This is particularly important for local governments, which are less able to absorb revenue shocks than are central governments with more revenue sources at their disposal. However, it also suggests that the property tax may be less powerful as an automatic stabilizer than other taxes illustrated here.
Tax on agricultural land may in some cases be a substitute for agricultural income tax.
Bahl (2009, 5) refers, for example, to a study of Punjab province in Pakistan where bringing owner-occupied housing fully into the tax net would triple the level of provincial property tax revenues.
Kenyon, Langley, and Paquin (2012) provide a good account of the use of property tax incentives for business in the United States, with a critical assessment of their effectiveness in promoting economic development.
Bahl 2009 estimates the revenue costs of exempting government property as equivalent to about 12 percent of collections in India’s 36 largest cities. Many countries, such as Kenya and Canada, charge a payment in lieu of property taxes on government property and nonprofit uses of property (Bahl 2009).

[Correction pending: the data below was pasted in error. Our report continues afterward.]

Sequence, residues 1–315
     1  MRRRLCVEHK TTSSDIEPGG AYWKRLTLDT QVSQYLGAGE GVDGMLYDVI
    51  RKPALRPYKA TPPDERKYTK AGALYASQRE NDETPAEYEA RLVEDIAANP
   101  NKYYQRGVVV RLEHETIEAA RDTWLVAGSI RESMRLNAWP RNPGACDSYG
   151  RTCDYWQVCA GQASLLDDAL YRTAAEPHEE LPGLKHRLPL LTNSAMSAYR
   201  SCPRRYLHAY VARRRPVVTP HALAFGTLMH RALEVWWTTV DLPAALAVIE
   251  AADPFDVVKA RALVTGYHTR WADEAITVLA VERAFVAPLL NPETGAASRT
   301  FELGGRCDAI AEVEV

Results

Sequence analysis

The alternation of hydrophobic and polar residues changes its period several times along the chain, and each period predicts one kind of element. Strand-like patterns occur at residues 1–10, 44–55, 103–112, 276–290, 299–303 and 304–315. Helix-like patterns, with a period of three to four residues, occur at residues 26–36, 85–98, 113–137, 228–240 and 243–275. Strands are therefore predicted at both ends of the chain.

In Windhoek, for example, the rates are 0.0734 percent of the site value, and 0.0379 percent of the house (improvement) value.
Particularly in developing countries, where the place of residence is often the same as the place of business, levying different rates can be administratively difficult.
Comprehensive and accurate registration of property, and thereby close to complete coverage of the property tax base, is a cornerstone of successful property tax reform, and is, in turn, crucially dependent on the sharing of data between key players (cadastral agency, property registry, courts, tax authorities, geodetic institutes, and others).
Often because of lack of appropriate training programs or a significant gap in compensation between the public and private sectors.
Or more generally, the system applied for the upkeep of the cadastre, including coverage, titling, and valuation.
Which in some countries is adjusted for through increases in tax rates—a second-best solution in view of the continuous changes in relative property values.